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Apr 24, 2005 11:13 AM

Matzah ball news flash

  • t

Proved to my own satisfaction last night that the difference between dense and light matzah balls is not in the ingredients, but in the shaping. Using a single batch of dough, ladies and gentlemen, made both light and heavy matzah balls. The heavies were rolled agressively into neat little cannonballs, the lights were gently spooned out of the bowl and dropped, in free-formish, roundish scoops, into the simmering broth. Anyone care to duplicate my results tonight so we can declare the mystery solved?

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  1. making a batch tonight, and will do....(this had always matched my theory too, but never thought to try and demonstrate it)

    2 Replies
    1. re: susancinsf

      Absolutely true, I always wondered what made the differece in preperation of "sinkers or floaters". I too spooned the balls into the boiling liquid and voila, light, fluffy kanadeloch my bubby, Bessie Cohen would have hated. We have always been a sinker family. I now prefer the texture of floaters. I also like the freeform way they look with all of those uneven lumps which form around the outside. Oi,I've been converted!

      1. re: susancinsf

        well, maybe it is my recipe, but sorry, didn't hold true for me. Some were carefully rolled, others I just used an ice cream scooper to put in the pot. I couldn't tell any difference in the texture between the two with my eyes closed (they did look a bit different, but that is it). All fell somewhere in between but more in the floater category. Could it be the theory only holds for those that would otherwise be sinkers?

      2. c
        ChowFun (derek)

        i think you are absolutely correct!
        I like my matzo balls a combo of the two..fluffy outside, denser I "lightly" ..gently rolled them...voila, they came out exactly as I like them!!!

        1 Reply
        1. re: ChowFun (derek)

          I made matzoh balls yesterday for the first time ever. So I had no idea how they were going to turn out.

          Unintentionally, I gently rolled them, and, like yours, came out fluffy on the outside and a bit denser in the middle.

          I never even had a chance to taste them last night because I was to busy in the kitchen (and too hot to eat soup!), but I had them tonight and I really liked them this way. Now I know how to make them for next year!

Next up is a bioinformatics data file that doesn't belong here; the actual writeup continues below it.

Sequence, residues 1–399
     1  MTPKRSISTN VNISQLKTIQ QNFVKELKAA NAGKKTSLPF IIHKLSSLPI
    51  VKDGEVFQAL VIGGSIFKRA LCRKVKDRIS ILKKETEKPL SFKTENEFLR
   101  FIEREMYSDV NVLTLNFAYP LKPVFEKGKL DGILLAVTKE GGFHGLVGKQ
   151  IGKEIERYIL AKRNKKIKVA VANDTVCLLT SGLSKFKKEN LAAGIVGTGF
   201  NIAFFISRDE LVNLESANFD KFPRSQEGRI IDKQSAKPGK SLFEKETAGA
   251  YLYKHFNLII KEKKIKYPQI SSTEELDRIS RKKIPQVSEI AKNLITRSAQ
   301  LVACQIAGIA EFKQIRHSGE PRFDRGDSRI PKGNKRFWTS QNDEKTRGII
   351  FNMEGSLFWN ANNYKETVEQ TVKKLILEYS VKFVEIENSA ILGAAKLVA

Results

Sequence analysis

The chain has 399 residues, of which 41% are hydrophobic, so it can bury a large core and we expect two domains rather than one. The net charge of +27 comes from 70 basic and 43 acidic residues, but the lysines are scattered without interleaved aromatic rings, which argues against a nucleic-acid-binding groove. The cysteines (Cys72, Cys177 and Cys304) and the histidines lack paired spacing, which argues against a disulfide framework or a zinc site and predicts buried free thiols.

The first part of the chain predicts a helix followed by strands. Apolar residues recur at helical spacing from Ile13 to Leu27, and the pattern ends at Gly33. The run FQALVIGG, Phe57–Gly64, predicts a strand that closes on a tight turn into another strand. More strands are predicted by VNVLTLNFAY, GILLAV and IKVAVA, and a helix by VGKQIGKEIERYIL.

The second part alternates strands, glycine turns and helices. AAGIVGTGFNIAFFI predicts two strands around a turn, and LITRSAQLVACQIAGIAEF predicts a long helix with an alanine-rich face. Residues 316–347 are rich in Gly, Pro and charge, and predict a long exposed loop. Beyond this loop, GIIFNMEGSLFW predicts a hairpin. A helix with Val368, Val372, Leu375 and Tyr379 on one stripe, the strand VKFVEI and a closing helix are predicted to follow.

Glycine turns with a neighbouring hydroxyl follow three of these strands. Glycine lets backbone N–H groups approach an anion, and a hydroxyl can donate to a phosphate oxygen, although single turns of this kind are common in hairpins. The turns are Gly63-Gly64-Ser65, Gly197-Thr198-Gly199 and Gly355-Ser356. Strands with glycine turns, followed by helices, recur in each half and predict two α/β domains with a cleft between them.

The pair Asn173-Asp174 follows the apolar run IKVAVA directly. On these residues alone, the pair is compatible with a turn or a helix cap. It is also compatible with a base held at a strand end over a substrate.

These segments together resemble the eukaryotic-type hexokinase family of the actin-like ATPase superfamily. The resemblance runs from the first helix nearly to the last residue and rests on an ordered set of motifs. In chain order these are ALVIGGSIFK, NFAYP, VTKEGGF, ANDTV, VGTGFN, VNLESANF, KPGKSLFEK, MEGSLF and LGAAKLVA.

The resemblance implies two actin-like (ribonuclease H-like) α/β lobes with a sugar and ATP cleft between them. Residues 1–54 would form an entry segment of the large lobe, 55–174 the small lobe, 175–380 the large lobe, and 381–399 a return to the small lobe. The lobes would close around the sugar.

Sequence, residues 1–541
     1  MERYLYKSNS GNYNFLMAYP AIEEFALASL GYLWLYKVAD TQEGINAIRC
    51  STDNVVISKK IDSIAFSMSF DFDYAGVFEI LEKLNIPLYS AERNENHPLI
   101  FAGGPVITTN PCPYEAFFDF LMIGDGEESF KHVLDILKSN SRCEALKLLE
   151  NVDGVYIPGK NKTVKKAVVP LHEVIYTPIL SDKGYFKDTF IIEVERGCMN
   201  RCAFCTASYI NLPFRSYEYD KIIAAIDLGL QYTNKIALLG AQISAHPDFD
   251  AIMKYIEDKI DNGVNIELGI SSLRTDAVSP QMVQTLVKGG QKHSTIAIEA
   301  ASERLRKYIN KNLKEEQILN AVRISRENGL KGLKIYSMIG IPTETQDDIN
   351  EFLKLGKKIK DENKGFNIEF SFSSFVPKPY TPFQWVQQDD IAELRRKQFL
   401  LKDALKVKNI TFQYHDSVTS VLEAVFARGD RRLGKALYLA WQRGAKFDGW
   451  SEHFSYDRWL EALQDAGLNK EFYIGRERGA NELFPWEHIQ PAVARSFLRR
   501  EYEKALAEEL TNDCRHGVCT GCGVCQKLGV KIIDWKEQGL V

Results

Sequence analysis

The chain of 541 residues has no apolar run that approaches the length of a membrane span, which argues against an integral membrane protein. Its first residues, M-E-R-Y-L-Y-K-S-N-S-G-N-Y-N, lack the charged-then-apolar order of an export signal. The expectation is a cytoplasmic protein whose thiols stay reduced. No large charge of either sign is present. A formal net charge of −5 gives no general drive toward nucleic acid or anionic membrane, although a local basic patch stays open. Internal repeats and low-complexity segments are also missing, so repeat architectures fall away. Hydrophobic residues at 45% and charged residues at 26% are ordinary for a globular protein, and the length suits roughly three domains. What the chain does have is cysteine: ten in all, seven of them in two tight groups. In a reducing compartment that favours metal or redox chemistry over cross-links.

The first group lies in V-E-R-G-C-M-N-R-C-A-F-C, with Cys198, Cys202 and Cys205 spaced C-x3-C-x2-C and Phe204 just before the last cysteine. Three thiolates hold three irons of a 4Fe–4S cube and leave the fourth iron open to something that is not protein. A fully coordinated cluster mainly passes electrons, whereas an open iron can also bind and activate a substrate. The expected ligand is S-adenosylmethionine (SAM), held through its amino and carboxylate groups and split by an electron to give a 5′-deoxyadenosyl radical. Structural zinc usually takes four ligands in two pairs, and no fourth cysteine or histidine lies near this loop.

2. I don't think I've heard of anyone else doing this, but my mother used to bake matzoh balls. She'd prepare them the usual way, slightly sinker-style, cooked in boiling salted water. Then she'd remove them from the water, let them dry, put in a baking dish, pour a little melted chicken fat over and bake until they formed a light brown crust. Fabulous!

          1 Reply
          1. re: judybird
            ChowFun (derek)

            Interesting...would they go back into the chicken soup, or were they eaten as "dumplings"..sort of like a side dish?

          2. Hmmm...I don't know about that. This year I finally learned at the side of my almost-90-year-old grandmother. With the help of two of my cousins, on Friday we made 99 matzo balls. Grandma said the secrets to floaters are:

            1) follow the recipe on the matzo meal box, and have the eggs at room temperature (a MUST), and refrigerate the dough for at least an hour before using it

            2) wet hands when forming the balls - every few balls, you have to re-wet your hands

            3) don't crowd them in the pot when boiling them - they need lots of room to expand (we used 3 separate large pots of lightly salted boiling water to cook them, and did 2 batches in each pot - starting with fresh water for the second batch - and still they were probably a bit too crowded)

            4) to address your exact point, Grandma rolled them between her hands to form round balls, and the rolling action certainly gave some compression - no way were they free-form - and they certainly were not sinkers!

            1. The secret that I learned from my great aunt was to add a splash of seltzer to the matzoh ball mixture before you shape them. I think the fizz helps make light balls. (If that's what you're after . . . )

              1 Reply
              1. re: Jen

                Don't think it could be the seltzer, as I easily made both sinkers and floaters with seltzer. Don't see how wet hands would make a difference - think that's just a way to keep the dough from sticking to your fingers. Don't see why the temperature of the eggs would be relevant; in cake-making, to my knowlege, you want room temp eggs so as not to make the butter congeal, but with m-balls, you're refrigerating the whole business for an hour, anyhow (if you follow the back 'o' the box recipes). It may very well be that lack of compression makes what would be otherwise a sinker into a floater. Do those of your who have tight cannonball floaters use stiff-beaten egg whites, etc?